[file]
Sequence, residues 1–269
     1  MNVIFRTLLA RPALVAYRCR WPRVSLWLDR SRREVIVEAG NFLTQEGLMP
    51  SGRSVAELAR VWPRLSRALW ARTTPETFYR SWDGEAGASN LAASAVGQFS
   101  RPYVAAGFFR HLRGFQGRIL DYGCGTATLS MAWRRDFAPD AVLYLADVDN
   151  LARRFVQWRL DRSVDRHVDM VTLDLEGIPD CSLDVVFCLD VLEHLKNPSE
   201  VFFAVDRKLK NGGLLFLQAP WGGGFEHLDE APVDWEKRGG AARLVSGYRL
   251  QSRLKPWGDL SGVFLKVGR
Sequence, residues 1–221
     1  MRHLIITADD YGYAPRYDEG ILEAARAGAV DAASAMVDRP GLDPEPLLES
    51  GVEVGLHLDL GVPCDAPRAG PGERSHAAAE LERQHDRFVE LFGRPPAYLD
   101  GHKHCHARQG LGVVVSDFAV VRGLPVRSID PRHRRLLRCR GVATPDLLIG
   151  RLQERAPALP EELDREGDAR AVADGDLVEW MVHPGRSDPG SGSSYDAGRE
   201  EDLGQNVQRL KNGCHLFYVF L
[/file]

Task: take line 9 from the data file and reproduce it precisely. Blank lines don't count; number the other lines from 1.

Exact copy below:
     1  MRHLIITADD YGYAPRYDEG ILEAARAGAV DAASAMVDRP GLDPEPLLES